California: Wine Industry an example of Marijuana’s Economic Potential

Jan. 10, 2010 (McClatchy-Tribune Regional News delivered by Newstex) — The wine industry is one of California’s shining economic successes. An economic impact study conducted for the state’s Wine Institute in 2006 reported the industry sustains 309,000 full-time jobs that generate $10.1 billion in wages.

Factoring in excise and sales taxes, as well as taxes on corporate profits and income taxes paid by workers, the study concludes the industry provides $3.2 billion in revenue each year to state and local governments. And that’s with the second-lowest excise tax on wine of any state in the nation, just 20 cents a gallon.

To Dale Gieringer, coordinator of the California chapter of the National Organization for the Reform of Marijuana Laws, numbers like that yield a vision of the economic benefits a legal market for marijuana in California might produce.

In a report submitted to the Legislature in October, Gieringer offered these projections:

–An excise tax of $50 per ounce, as proposed in current legislation, would equate to about $1 for each marijuana cigarette, or joint, and yield about $900 million a year.

–Retail sales taxes would produce about $300 million a year.

–A legal marijuana industry would generate total economic activity in the state of about $15 billion.

Ventura attorney James Devine, who represents clients in the existing medical marijuana (OOTC:MJNA) industry, states the vision more poetically.

“Who are my clients? They’re real estate brokers, contractors, people who’ve been hurt by the recession,” he said. “They’re already businesspeople. They want to make money I see fields of cannabis getting us out of a recession.”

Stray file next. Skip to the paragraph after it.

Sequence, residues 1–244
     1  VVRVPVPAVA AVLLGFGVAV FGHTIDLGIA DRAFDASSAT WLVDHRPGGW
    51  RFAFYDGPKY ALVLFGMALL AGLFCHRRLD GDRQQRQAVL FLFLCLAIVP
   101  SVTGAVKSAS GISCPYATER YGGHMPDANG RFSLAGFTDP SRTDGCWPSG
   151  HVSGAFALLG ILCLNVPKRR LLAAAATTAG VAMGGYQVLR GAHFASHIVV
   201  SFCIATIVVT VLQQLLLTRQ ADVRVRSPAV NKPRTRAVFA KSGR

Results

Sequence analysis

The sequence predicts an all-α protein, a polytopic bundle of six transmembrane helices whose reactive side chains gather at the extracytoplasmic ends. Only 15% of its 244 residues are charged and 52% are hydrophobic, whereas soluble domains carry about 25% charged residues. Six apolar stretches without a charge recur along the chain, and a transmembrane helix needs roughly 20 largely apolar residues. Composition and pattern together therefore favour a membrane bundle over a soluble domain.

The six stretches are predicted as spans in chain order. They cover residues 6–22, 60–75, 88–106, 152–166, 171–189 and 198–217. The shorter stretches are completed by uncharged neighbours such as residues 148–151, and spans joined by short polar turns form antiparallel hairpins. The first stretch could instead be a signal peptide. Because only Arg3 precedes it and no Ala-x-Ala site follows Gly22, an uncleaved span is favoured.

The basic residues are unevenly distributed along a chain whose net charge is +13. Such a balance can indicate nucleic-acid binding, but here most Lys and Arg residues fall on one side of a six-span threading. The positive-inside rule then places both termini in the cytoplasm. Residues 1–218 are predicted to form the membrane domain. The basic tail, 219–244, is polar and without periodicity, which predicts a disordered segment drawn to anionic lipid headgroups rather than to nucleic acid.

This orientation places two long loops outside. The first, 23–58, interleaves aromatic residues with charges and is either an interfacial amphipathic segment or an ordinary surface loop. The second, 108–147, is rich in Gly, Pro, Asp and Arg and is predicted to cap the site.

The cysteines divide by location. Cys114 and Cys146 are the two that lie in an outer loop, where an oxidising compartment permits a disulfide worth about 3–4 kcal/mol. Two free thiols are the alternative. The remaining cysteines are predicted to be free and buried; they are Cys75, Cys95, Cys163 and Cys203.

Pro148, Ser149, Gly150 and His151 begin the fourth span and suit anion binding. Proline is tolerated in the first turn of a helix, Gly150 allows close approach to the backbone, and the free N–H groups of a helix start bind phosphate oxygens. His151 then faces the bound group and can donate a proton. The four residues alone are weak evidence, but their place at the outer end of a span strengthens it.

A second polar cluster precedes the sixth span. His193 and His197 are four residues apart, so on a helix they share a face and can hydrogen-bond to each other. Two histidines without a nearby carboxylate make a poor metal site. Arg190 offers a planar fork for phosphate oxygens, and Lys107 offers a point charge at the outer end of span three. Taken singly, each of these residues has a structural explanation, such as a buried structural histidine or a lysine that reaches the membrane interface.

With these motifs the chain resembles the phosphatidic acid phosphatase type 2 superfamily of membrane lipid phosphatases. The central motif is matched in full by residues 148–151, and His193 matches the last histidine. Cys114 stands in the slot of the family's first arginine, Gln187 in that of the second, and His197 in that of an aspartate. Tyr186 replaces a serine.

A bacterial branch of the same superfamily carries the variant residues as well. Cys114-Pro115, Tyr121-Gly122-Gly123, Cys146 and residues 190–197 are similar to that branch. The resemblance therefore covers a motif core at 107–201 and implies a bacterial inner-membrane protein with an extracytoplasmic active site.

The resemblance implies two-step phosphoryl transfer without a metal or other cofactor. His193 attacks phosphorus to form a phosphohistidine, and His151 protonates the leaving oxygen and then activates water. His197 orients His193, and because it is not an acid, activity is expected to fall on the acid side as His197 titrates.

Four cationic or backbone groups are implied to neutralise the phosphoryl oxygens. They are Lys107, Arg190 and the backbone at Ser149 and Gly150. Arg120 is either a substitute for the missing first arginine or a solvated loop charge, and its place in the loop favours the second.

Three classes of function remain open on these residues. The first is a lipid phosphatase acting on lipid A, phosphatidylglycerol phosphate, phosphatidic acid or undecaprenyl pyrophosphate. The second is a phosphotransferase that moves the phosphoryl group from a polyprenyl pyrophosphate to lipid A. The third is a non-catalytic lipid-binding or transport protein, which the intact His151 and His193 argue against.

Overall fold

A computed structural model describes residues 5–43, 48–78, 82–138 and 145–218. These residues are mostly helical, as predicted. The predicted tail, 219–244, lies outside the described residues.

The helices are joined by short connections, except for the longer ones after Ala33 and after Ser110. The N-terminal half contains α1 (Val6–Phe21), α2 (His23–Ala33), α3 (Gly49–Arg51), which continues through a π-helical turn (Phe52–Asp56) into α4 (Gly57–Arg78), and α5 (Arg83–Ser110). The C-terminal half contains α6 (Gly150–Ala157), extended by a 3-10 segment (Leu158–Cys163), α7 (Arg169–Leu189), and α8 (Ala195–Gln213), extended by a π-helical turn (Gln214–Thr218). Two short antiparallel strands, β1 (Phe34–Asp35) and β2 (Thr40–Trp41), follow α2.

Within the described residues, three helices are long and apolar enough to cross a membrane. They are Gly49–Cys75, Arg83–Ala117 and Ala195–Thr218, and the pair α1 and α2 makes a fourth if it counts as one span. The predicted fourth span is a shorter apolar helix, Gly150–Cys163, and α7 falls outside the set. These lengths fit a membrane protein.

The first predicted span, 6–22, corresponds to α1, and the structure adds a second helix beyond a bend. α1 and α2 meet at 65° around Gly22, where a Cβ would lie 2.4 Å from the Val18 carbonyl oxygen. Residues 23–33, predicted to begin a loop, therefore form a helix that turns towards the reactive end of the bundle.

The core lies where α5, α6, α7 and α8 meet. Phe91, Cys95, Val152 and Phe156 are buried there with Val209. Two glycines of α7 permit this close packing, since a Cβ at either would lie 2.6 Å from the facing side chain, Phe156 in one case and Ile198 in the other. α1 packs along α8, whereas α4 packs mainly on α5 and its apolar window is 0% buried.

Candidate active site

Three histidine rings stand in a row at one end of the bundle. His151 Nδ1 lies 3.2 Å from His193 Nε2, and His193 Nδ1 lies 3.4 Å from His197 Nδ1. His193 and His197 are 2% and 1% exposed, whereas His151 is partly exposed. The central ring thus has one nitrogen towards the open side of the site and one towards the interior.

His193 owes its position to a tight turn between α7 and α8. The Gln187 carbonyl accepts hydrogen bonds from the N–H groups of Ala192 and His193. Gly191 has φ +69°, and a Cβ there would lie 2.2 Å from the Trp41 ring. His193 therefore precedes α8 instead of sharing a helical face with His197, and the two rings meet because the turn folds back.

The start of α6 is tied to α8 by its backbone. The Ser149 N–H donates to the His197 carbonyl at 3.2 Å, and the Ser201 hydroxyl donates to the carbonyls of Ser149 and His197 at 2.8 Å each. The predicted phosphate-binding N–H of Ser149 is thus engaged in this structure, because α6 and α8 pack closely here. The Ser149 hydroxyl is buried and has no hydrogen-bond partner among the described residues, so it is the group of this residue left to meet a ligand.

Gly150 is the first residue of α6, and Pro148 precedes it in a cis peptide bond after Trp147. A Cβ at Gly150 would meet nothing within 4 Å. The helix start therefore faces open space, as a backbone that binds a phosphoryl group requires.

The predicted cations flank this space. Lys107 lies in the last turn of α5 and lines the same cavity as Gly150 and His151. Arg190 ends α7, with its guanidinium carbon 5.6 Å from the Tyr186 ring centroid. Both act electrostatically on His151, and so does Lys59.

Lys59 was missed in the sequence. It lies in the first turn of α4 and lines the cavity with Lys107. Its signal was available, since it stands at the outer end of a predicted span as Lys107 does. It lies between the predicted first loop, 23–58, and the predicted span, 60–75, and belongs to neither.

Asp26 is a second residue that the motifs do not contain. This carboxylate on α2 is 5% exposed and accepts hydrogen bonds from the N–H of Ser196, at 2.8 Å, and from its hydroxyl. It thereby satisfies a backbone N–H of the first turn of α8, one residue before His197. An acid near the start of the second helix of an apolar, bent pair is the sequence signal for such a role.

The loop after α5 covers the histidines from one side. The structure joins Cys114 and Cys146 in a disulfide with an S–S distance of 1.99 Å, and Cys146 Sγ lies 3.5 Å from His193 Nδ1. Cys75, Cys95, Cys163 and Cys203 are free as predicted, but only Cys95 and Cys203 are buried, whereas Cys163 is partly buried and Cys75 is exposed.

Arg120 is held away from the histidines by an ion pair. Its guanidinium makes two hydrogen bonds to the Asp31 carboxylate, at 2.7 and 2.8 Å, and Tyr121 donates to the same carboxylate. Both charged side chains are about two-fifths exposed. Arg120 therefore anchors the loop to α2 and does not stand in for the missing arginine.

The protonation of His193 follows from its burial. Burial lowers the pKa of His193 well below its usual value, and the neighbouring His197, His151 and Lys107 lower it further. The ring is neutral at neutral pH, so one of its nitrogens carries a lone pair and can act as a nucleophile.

Whatever the potential economic development impacts, the dollar signs that proponents of legal marijuana believe will turn people’s heads are in the potential tax revenues.

Richard Lee, the founder of Oakland’s Oaksterdam University and sponsor of a legalize-pot ballot initiative all but certain to qualify for the November ballot, said he decided to pursue the initiative this year after his private polling showed a dramatic shift in public attitudes from just two years ago.

Why did his polls show a shift from opposition to legal marijuana to support?

“Unemployment, city budgets are hurting and the state budget’s a fiasco,” he said.

That’s why he titled his initiative, “The Regulate, Control and Tax Cannabis Act of 2010” and why he named his ballot committee “Tax Cannabis 2010.”

The initiative would give local governments first crack at taxing marijuana, Lee said, but would also allow the Legislature to establish statewide regulations and taxes. It does not cite any specific level of taxation.

A bill by Assemblyman Tom Ammiano, D-San Francisco, specifies a $50 per ounce excise tax on marijuana.

In an analysis of the bill, the Board of Equalization estimates such a tax rate would generate $1.25 billion in annual tax revenue to the state and an additional $120 million in local sales taxes.

That amount of revenue would hardly close the state’s $20 billion budget shortfall, let alone allow for the restoration of cuts made last year. Still, Lee said, he believes there is an obvious constituency for a marijuana tax — students, government workers and recipients of government services who have been hurt by the ongoing budget crisis.

“We expect,” he said, “that there will be a natural alliance with college students who’ve had their tuition raised and their classes cut.”

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